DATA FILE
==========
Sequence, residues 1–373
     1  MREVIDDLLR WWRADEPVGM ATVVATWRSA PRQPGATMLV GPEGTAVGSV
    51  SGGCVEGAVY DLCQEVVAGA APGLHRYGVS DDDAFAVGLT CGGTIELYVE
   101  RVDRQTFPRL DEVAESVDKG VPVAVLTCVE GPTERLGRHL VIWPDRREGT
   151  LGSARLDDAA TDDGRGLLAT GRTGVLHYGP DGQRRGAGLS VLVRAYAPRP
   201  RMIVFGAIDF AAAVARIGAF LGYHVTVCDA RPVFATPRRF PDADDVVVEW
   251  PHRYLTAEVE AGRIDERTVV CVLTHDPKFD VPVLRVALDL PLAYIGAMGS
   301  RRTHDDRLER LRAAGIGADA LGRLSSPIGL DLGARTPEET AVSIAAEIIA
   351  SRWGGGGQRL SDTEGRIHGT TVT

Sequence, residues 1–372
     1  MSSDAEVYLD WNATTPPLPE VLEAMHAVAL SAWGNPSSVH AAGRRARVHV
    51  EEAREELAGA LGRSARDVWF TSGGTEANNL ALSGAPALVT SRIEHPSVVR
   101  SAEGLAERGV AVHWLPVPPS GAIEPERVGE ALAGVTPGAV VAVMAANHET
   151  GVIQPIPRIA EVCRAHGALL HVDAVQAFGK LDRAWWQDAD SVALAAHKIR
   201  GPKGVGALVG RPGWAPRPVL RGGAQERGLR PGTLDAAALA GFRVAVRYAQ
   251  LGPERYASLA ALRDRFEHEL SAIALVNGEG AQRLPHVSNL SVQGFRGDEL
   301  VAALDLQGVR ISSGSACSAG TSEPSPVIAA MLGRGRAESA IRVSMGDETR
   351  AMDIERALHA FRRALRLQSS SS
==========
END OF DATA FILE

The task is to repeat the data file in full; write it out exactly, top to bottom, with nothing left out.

Sequence, residues 1–373
     1  MREVIDDLLR WWRADEPVGM ATVVATWRSA PRQPGATMLV GPEGTAVGSV
    51  SGGCVEGAVY DLCQEVVAGA APGLHRYGVS DDDAFAVGLT CGGTIELYVE
   101  RVDRQTFPRL DEVAESVDKG VPVAVLTCVE GPTERLGRHL VIWPDRREGT
   151  LGSARLDDAA TDDGRGLLAT GRTGVLHYGP DGQRRGAGLS VLVRAYAPRP
   201  RMIVFGAIDF AAAVARIGAF LGYHVTVCDA RPVFATPRRF PDADDVVVEW
   251  PHRYLTAEVE AGRIDERTVV CVLTHDPKFD VPVLRVALDL PLAYIGAMGS
   301  RRTHDDRLER LRAAGIGADA LGRLSSPIGL DLGARTPEET AVSIAAEIIA
   351  SRWGGGGQRL SDTEGRIHGT TVT

Sequence, residues 1–372
     1  MSSDAEVYLD WNATTPPLPE VLEAMHAVAL SAWGNPSSVH AAGRRARVHV
    51  EEAREELAGA LGRSARDVWF TSGGTEANNL ALSGAPALVT SRIEHPSVVR
   101  SAEGLAERGV AVHWLPVPPS GAIEPERVGE ALAGVTPGAV VAVMAANHET
   151  GVIQPIPRIA EVCRAHGALL HVDAVQAFGK LDRAWWQDAD SVALAAHKIR
   201  GPKGVGALVG RPGWAPRPVL RGGAQERGLR PGTLDAAALA GFRVAVRYAQ
   251  LGPERYASLA ALRDRFEHEL SAIALVNGEG AQRLPHVSNL SVQGFRGDEL
   301  VAALDLQGVR ISSGSACSAG TSEPSPVIAA MLGRGRAESA IRVSMGDETR
   351  AMDIERALHA FRRALRLQSS SS